Since 2012, 15 countries have raised the age of marriage to 18 or removed exceptions that allow minors to marry before the age of 18. The U.S. should be a leader in ending the practice of child marriage both at home and abroad.—but unfortunately, the U.S. government was not represented among major donors contributing to the newly launched Girls First Fund, nor were its officials present at the Girls Not Brides Global Meeting. The serious lack of funding for and attention to child marriage prevention domestically and overseas means that girls everywhere, from Maryland to Mali, are not receiving the protection, services and support they need to avoid or leave marriages they do not want.
Our willingness to turn a blind eye to the issue must end. The U.S. can and must address the needs of girls at home and abroad simultaneously. We can do better than this—but we need support from Congress, USAID, the State Department and state legislatures to do so.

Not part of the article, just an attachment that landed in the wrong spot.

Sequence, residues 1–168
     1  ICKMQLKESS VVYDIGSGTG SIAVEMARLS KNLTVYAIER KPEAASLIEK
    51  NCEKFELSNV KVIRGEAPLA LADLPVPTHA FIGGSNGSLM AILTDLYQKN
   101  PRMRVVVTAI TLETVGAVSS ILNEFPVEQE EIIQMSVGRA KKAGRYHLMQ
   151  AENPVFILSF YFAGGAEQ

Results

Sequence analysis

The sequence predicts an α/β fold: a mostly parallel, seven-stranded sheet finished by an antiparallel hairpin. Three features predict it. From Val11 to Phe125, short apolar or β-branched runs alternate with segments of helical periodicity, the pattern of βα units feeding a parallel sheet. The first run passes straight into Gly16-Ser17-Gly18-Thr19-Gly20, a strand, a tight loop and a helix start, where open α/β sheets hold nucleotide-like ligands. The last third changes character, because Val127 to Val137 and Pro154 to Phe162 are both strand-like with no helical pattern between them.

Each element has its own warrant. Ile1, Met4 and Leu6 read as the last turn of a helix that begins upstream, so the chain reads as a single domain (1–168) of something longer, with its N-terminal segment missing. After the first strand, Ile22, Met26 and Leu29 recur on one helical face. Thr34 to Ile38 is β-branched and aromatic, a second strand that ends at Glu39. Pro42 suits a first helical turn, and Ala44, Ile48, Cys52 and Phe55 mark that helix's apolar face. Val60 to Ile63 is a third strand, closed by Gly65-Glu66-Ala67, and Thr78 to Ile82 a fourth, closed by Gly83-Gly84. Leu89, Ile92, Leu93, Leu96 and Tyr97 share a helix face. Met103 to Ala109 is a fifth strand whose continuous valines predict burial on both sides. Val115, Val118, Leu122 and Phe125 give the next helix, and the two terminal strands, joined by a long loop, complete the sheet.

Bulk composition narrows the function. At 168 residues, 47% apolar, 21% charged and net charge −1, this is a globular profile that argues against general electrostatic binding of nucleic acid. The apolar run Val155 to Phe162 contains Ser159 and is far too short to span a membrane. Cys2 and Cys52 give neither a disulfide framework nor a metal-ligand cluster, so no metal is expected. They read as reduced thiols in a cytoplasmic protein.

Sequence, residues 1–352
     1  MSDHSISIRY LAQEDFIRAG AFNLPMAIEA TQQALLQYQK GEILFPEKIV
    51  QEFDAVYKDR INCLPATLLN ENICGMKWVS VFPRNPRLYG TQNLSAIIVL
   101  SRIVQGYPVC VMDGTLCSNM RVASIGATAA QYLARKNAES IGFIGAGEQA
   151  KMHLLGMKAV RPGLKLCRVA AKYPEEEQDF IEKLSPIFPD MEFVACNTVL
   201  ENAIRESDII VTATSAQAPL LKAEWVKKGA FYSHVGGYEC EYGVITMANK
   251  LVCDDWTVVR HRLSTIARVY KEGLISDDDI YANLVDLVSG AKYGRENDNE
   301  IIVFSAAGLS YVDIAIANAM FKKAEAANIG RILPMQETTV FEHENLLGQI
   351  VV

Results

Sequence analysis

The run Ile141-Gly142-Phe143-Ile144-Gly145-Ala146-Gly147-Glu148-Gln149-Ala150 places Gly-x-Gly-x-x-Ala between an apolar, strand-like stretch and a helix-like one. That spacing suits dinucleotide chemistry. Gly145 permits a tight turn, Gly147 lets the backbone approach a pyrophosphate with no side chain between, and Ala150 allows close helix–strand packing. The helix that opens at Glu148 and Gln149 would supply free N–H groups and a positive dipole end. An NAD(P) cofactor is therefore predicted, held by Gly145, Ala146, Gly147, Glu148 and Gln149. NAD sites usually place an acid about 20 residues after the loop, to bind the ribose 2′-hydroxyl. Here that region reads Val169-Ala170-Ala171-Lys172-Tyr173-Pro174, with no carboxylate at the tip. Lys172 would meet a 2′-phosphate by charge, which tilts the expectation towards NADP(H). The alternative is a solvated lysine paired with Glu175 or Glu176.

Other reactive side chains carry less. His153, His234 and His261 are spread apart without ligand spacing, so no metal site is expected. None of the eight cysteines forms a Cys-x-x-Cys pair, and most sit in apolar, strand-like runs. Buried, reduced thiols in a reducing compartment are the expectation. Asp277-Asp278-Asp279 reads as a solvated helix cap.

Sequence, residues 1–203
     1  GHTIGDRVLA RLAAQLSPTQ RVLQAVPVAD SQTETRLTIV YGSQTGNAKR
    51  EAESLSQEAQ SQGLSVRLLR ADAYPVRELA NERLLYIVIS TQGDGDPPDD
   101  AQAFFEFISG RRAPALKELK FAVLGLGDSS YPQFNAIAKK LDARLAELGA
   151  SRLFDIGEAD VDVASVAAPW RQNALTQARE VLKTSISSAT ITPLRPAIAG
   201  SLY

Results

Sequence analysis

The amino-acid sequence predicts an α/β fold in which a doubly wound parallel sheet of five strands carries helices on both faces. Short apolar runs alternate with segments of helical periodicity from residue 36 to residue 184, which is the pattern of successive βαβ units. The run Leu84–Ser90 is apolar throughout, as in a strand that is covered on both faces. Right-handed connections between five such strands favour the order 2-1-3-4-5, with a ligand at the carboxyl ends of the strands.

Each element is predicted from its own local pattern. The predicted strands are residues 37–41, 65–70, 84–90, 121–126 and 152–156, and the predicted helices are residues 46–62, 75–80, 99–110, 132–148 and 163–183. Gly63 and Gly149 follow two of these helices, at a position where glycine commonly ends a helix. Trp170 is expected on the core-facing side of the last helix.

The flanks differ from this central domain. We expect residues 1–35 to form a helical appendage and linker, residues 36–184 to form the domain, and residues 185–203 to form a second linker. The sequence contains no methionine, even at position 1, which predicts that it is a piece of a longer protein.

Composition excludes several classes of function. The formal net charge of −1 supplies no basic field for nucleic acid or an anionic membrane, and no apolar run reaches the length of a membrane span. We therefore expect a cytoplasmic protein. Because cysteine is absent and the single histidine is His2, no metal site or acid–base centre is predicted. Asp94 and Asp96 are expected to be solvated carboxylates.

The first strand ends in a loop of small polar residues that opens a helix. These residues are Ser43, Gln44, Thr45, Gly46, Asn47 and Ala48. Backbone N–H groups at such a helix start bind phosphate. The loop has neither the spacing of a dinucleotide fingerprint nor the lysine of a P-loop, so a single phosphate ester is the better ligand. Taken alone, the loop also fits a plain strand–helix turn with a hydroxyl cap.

Together, we can end child marriage wherever it occurs and empower girls to live free and full lives where they marry only whom, when and if they choose.
Rachel Clement is a Policy Advocate for ICRW and a co-chair for Girls Not Brides USA, the U.S.-based partnership to end child marriage.
Casey Carter Swegman is the Forced Marriage Initiative Project Manager for Tahirih Justice Center and also leads the Forced Marriage Working Group, a coalition of advocates and allies from around the U.S. dedicated to creating a coordinated national response to the problem of forced marriage in the country.